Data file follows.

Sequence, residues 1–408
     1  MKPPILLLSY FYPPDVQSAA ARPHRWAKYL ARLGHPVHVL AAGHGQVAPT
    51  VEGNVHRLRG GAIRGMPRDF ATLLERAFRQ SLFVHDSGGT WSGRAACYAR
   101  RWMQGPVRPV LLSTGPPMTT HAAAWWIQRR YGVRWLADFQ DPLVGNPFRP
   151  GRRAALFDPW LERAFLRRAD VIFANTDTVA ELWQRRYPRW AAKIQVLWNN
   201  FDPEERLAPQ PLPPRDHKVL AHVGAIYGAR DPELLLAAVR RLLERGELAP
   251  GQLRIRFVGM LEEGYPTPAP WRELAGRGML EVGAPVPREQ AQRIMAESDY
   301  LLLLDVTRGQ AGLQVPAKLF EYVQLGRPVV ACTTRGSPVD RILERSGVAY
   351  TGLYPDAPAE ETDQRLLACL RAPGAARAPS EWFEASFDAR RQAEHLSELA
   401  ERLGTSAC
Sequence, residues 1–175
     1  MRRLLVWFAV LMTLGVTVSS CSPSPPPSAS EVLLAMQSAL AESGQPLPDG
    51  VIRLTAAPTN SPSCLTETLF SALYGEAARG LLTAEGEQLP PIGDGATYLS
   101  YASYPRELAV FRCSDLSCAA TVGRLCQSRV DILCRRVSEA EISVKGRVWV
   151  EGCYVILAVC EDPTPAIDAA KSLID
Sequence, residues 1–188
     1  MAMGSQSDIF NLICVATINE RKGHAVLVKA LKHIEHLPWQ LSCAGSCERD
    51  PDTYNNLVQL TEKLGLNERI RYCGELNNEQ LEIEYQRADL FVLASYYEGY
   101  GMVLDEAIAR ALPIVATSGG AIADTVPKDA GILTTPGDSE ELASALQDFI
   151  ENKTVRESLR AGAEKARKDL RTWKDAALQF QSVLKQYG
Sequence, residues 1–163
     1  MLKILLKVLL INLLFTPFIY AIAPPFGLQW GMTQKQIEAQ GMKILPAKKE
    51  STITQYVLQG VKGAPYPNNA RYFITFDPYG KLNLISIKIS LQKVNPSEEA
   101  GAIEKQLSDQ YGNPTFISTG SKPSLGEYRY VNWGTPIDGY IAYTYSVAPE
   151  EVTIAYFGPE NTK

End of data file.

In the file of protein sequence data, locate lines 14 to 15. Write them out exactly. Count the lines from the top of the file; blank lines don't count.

   101  YASYPRELAV FRCSDLSCAA TVGRLCQSRV DILCRRVSEA EISVKGRVWV
   151  EGCYVILAVC EDPTPAIDAA KSLID